Drones, phones and robots–more cool gizmos that will make commerce and communication even more convenient. Your future automated lifestyles have arrived!
At least they’ve arrived in the San Francisco area known as Silicon Valley, that tiny part of the world that is the birthplace of Hewlett-Packard and Google, and home to Facebook. More importantly Silicon Valley has the densest population of techies–285.9 out of every 1,000 private-sector workers.
And you gotta love techies. (I wish I could keep one in my pocket.) They are highest in the food chain, above nerds and geeks. Nerds dabble in technology as early adopters; geeks fix technology that malfunctions; techies actually invent it. And they are making big bucks doing it. The area has more millionaires and billionaires per capita than any other U.S. city.
So, what are they using lately? Technology guru Kevin Roose, author of Young Money about the world of young Wall Street bankers, shares his favorite west coast ‘latest and greatest’ new apps and gadgets below, and whether or not New York City will latch on.
h/t: New York Magazine
What they are: Remote-controlled or auto-piloted helicopters, costing anywhere from $100 to $10,000 and up.
Why they’re popular: You can strap a GoPro to a drone to take a “dronie” of yourself from above. But early adopters are also experimenting with more practical applications, like surveying crops or as part of home-security systems. It’s not rare to see multiple tiny helicopters flying overhead on any given weekend afternoon in Dolores Park, shooting photos and scaring tourists.
Will they be a Thing in New York? Yes, if Martha Stewart is any indication.
What they are: Online money-management services. Both take your money and invest it (mostly in low-cost index funds) for very small fees, using software instead of human financial advisers. Just put your money in, answer a few questions about your financial goals, and the software does the rest.
Why they’re popular: Both companies have marketed themselves to Silicon Valley techies who have money but no time or expertise to manage it. Wealthfront gives seminars on investing at Facebook and Google, and Betterment — which is based in New York — has tried to capitalize on the tech boom as well. I often see people checking their portfolios with both companies’ mobile apps on the train.
Will this be a Thing in New York? Probably. It’s not as cool to say “my money’s in Wealthfront” as “my money’s with Goldman Sachs,” but it’s a lot cheaper.
What it is: An app that lets you send money back and forth to your friends. Lucas uses it.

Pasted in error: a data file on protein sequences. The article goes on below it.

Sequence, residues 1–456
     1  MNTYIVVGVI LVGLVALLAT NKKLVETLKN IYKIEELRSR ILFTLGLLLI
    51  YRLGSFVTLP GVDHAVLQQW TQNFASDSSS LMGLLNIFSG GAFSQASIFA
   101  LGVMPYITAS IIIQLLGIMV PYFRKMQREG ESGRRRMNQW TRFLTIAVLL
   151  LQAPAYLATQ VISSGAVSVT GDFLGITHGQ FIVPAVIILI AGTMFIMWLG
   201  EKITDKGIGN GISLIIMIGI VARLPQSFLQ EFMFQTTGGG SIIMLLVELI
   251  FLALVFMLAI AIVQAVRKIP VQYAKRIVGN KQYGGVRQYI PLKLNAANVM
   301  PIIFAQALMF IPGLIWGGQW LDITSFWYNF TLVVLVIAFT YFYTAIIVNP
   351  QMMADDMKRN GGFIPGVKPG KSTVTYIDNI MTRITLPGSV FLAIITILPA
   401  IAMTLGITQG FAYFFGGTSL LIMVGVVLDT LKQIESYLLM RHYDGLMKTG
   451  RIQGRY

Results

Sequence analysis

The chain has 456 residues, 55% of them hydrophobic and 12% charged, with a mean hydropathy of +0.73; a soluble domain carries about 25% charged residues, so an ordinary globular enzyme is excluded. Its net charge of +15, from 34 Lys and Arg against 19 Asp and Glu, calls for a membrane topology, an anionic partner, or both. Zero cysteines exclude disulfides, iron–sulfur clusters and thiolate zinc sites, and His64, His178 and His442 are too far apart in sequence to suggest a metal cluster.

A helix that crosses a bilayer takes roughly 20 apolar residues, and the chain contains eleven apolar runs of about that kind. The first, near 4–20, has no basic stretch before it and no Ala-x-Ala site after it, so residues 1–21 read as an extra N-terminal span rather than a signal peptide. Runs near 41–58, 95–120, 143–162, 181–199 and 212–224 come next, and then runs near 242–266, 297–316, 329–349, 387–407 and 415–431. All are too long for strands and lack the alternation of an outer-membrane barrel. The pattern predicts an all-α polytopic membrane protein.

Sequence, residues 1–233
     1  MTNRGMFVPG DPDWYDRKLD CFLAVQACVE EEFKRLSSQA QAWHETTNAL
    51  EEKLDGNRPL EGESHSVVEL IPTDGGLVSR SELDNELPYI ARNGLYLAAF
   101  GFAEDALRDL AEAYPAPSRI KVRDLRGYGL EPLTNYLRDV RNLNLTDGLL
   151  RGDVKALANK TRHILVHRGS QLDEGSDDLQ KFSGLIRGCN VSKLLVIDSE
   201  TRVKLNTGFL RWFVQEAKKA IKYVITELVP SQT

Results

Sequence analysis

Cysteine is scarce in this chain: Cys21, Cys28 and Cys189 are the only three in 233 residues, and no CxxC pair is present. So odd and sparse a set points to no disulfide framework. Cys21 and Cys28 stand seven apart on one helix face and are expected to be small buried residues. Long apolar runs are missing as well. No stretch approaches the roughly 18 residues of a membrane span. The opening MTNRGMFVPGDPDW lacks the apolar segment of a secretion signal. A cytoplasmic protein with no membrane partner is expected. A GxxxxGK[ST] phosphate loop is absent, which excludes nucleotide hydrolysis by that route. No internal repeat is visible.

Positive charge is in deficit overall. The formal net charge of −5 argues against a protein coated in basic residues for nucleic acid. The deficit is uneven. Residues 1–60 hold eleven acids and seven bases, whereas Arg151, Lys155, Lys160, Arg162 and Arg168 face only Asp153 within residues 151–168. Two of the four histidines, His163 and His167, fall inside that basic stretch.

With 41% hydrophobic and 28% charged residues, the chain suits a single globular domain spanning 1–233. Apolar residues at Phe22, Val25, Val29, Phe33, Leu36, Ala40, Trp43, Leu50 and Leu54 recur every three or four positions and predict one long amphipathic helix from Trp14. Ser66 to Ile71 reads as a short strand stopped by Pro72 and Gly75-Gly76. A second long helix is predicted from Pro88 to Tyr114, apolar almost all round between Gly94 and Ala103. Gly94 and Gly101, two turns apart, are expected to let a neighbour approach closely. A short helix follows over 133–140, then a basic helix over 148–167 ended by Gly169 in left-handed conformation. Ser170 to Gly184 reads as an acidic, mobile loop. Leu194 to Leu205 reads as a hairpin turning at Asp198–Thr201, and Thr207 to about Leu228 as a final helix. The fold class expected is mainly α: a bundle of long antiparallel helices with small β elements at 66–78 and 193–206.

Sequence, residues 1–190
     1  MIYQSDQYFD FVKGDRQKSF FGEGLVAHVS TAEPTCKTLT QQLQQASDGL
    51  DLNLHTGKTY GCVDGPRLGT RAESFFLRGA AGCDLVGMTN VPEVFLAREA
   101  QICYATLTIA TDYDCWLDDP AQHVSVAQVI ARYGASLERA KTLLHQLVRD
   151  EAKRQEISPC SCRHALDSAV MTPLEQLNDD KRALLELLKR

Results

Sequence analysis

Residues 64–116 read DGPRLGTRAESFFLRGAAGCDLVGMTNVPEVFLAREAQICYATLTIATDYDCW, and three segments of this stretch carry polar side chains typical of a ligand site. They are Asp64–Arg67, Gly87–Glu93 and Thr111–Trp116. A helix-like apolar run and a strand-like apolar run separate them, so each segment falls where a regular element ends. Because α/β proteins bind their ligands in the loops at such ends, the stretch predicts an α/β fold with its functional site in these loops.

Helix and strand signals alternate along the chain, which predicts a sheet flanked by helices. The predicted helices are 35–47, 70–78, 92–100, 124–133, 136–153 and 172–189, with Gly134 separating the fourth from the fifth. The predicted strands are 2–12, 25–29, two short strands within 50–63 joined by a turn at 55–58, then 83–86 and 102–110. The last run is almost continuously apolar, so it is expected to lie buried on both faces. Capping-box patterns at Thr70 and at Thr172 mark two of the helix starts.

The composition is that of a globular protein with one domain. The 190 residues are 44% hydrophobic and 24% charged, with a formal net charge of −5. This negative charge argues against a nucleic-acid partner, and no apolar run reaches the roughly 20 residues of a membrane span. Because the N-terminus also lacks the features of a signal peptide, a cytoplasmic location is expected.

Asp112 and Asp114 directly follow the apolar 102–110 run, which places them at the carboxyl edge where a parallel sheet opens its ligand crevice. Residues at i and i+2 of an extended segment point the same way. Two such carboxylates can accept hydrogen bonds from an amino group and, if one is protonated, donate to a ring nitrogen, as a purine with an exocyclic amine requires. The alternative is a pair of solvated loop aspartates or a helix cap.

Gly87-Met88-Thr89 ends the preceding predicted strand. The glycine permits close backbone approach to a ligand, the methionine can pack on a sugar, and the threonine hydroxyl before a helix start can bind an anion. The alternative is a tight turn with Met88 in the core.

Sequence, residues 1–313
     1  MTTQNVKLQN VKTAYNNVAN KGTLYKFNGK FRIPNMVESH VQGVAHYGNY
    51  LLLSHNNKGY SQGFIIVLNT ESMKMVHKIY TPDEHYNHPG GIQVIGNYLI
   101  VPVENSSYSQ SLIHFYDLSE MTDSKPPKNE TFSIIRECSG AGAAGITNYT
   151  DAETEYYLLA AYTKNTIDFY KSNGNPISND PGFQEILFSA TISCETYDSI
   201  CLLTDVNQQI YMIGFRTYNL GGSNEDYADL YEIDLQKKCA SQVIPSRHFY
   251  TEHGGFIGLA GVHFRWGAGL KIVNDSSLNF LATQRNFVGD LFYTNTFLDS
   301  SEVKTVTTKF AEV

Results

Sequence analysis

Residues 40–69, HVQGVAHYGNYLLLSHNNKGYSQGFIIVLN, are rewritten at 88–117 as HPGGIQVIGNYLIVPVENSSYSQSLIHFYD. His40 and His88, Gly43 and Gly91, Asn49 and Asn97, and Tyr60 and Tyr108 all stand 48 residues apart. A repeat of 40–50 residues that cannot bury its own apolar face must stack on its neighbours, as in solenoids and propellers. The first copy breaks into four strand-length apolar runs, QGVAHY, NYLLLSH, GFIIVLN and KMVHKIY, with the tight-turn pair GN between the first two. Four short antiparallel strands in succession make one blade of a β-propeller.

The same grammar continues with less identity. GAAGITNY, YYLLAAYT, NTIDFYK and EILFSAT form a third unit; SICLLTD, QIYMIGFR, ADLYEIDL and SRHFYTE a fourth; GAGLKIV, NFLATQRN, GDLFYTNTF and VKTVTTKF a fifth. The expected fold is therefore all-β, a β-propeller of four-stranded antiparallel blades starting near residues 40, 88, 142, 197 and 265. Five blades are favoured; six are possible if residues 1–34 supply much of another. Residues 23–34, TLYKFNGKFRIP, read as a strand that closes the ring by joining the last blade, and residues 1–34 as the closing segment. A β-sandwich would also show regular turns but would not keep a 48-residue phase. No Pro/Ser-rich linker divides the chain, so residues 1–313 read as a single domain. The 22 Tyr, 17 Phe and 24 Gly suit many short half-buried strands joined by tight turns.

Why it’s popular: It solves the check-splitting problem at restaurants, and doubles as an underground social network.
Will this be a Thing in New York? It already is, to an extent. The difference is that Venmo is everywhere in San Francisco. Landlords collect rent through it, friends use it to split Uber rides, and charities use it to collect donations. Expect it to get universal in New York as well.
What it is: A virtual-reality headset.
Why it’s popular: It’s been a gamer favorite ever since it launched, but Silicon Valley got obsessed after Facebook bought the company for $2 billion. There’s even a monthly virtual-reality meet-up for hard-core Oculus fans.
Will this be a Thing in New York? Not for a while. Oculus is still not widely available, and living in Brooklyn is kind of its own virtual reality.
What it is: An app that allows you to get anything delivered in an hour or less.
Why it’s popular: Because people love instant gratification and are lazy. Plus, unlike Seamless, Postmates can deliver non-food items like phone chargers, toilet paper, or emergency socks.
Will this be a Thing in New York? Yes, unless WunWun or another rival beats it out.
What they are: Computers on your wrist. Samsung and LG are making them, and Google and other companies are hoping they’re the wave of the future.
Why they’re popular: Because it’s more polite to glance at your wrist for new e-mails than pull out your phone. Smartwatches are still mostly big with developers and tech workers, because early models don’t do much except make you look like Dick Tracy.
Will this be a Thing in New York? Only when Apple releases one.
Continue reading: http://nymag.com/daily/intelligencer/2014/08/12-sf-obsessions-new-york-hasnt-discovered-yet.html
As the article says, people love instant gratification. With these latest gadgets we just may end up like the Wall-E loungers who never needed to get off their chairs . . . for anything. Just push a few buttons–order lunch, conduct business, drive a racecar, watch a movie, the potential seems endless.
At the moment, I just want my internet connection to never fail.
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